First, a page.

I Samuel 14: A Study of Faith in Father/Son

The story of King Saul continues as he and his son Jonathan fight against the Philistines. Their respective approaches are very different. King Saul is fighting for himself, while Jonathan is fighting for the Lord.

Verses 1-23: Jonathan and his armorbearer

In the midst of the Philistine threat, King Saul’s son Jonathan is inspired to defeat the Philistine garrison. Saul was not very far away with a detachment of approximately six hundred men. But Jonathan did not seek help from his father, probably because his father would have rejected the plan. Reckless as it seems, Jonathan’s plan to trick and then sneak up on the Philistines was successful, resulting in Jonathan and his armorbearer defeating twenty men by themselves. Jonathan was bold and acted in faith. His actions were sincere and courageous and God rewarded him with victory.

King Saul, on the other hand, made an attempt to be virtuous and godly in his approach, but we can see in his actions that his sense of self was caught up in the fight and that he would rather make the decisions for himself than following the guidance of the Lord. We can see from verses 18 and 19 how King Saul allowed himself to get distracted from consulting with the priest and he instead went directly to battle in the following verses.

Despite Saul’s independent thinking, God still handed the Israelites a victory that day. This can be seen as grace and the will of the Lord.

Verses 24-52: Saul’s faulty leadership

In more evidence that Saul is taking this Philistine fight personally, he places his people under an oath that they would not eat until the Philistines are defeated: “Cursed is the man who eats any food until evening, before I have taken vengeance on my enemies.” This was a very unwise order because the people need sustenance to give their bodies strength to defeat the Philistines.

Jonathan was away when his father placed the people under the oath. Because of this, he freely ate some honey in the forest when the Israelites came across it. The people told Jonathan of the oath. But when he heard it, Jonathan reacted in a way to convince them that his father had “troubled the land” by putting them under such an oath. The people, encouraged by Jonathan and his win over the Philistine garrison earlier, began eating. But Israel sinned against God in this because they ate the livestock without draining the blood, which was in violation of God’s law (Leviticus 17:10-14).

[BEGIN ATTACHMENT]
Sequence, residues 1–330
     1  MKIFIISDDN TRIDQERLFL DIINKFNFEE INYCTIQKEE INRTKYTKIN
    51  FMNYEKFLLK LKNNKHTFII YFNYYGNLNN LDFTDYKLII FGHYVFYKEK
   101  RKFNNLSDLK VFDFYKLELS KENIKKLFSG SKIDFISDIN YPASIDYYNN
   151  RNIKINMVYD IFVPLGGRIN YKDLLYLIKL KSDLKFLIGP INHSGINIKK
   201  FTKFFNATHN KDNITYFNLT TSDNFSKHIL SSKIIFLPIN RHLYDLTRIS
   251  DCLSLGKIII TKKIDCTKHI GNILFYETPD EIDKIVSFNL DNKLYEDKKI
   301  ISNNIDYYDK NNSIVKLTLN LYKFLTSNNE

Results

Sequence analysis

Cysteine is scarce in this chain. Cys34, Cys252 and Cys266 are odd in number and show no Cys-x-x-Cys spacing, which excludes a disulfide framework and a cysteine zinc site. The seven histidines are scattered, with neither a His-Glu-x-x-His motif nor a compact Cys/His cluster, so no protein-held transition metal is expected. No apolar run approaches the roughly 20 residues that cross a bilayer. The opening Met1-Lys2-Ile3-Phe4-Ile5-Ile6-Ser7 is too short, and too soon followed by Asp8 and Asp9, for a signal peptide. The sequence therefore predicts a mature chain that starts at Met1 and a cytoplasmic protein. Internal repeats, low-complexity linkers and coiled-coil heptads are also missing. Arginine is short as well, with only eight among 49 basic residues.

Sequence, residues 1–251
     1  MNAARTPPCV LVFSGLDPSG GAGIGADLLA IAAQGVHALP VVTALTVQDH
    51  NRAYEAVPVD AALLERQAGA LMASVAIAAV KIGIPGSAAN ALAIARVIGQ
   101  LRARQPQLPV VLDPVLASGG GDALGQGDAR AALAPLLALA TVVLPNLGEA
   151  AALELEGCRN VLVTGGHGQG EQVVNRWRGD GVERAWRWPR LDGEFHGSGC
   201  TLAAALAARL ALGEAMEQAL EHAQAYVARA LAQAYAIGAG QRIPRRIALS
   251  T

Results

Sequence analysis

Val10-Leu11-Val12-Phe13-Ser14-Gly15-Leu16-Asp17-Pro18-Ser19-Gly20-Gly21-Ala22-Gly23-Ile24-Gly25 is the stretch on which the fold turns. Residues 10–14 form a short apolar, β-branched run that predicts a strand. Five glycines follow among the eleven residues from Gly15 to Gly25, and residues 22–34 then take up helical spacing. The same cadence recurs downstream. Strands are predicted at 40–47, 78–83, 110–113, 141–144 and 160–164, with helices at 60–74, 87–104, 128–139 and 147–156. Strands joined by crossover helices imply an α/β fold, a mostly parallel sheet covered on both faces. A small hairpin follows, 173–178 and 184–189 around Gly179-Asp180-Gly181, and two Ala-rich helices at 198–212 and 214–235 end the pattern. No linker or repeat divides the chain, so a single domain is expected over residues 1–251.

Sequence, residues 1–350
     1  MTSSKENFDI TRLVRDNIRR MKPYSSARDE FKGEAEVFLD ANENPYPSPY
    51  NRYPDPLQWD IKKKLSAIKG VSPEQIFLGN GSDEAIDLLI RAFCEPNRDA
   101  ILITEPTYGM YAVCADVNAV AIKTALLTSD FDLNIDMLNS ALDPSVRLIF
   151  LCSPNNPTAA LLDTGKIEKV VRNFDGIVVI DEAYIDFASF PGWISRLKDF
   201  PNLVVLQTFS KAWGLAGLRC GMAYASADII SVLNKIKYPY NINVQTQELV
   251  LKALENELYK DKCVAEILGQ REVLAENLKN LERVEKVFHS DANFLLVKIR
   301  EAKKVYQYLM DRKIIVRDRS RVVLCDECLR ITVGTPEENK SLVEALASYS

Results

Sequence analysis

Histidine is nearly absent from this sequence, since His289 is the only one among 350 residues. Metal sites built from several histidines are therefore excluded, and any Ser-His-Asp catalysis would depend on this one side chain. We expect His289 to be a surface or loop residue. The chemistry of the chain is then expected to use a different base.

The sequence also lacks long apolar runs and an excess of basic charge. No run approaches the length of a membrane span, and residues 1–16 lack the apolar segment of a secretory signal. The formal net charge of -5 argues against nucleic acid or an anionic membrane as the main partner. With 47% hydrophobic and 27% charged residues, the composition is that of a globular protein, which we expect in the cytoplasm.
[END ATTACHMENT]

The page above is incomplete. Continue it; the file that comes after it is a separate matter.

Saul, trying still to do what is right and please the Lord, hears of this. He allows the eating and has a great stone set up so that the people can properly drain the blood of the animals that they are eating. Saul then seeks the counsel of God in what to do next, whether to attack the Philistines or not. But he hears no answer, so he deduces that there must be some sin in the camp. In order to divine who is responsible for this, lots will be cast and he says that whomever is at fault will be put to death, even if it is his son Jonathan.

When Saul finds that his son Jonathan is responsible of breaking the oath by eating, he sticks to his word. But the people stood in the breach for Jonathan in I Samuel 14:45: “But the men said to Saul, “Should Jonathan die—he who has brought about this great deliverance in Israel? Never! As surely as the Lord lives, not a hair of his head will fall to the ground, for he did this today with God’s help.” So the men rescued Jonathan, and he was not put to death.”

Saul’s relenting to the word of the people was wise. This and his acts of war helped to protect the nation against surrounding belligerent nations and established his status as king.

The lessons for us today are few but not hard to find:

  • We can get along without God for so long, devoted to Him in half-measures, but this is temporary
    • King Saul is trying to serve both himself and God simultaneously; the result is that his service to God is empty and insincere
  • “Blind” faith in God and courage to act can be rewarded with great blessings
    • Jonathan may have acted surprisingly, but because he did so in belief and faith that God would see him through, he was blessed with victory and mercy

It is important to recognize that not everything Saul did was wrong or bad. He tried to serve the Lord, but unfortunately his focus was not always on God, but instead was often was on what he wanted. Each morning and night when we pray, we should examine our priorities, intents, and motivators. A pure and honest heart that wants to serve God and God alone is precious in His sight.

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